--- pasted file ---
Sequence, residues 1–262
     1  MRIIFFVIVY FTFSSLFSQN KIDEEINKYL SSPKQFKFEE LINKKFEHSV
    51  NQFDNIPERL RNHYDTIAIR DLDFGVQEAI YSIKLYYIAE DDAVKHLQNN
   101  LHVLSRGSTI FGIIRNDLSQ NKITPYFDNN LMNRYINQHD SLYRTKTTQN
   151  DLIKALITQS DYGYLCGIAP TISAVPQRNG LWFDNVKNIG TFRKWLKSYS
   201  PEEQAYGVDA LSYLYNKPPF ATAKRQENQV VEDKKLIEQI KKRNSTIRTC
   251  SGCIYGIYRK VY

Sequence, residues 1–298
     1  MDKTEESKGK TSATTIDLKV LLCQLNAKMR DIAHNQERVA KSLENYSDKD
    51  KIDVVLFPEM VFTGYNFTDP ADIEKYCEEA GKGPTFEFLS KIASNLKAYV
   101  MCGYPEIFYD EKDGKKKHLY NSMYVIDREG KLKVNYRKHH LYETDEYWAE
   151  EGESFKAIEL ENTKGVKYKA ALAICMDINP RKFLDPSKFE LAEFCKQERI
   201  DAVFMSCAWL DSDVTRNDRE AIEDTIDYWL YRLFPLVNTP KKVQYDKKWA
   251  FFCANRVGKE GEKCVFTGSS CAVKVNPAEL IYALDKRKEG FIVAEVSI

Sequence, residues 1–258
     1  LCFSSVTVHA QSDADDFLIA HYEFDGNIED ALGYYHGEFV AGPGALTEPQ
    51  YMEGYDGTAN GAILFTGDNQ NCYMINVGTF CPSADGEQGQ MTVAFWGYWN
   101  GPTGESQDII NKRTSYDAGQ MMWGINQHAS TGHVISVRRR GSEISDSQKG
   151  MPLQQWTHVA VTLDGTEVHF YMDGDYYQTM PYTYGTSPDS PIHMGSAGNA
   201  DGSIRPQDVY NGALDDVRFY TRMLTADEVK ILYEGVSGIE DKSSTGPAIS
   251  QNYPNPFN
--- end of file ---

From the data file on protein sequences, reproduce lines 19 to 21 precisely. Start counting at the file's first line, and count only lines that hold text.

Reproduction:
   151  MPLQQWTHVA VTLDGTEVHF YMDGDYYQTM PYTYGTSPDS PIHMGSAGNA
   201  DGSIRPQDVY NGALDDVRFY TRMLTADEVK ILYEGVSGIE DKSSTGPAIS
   251  QNYPNPFN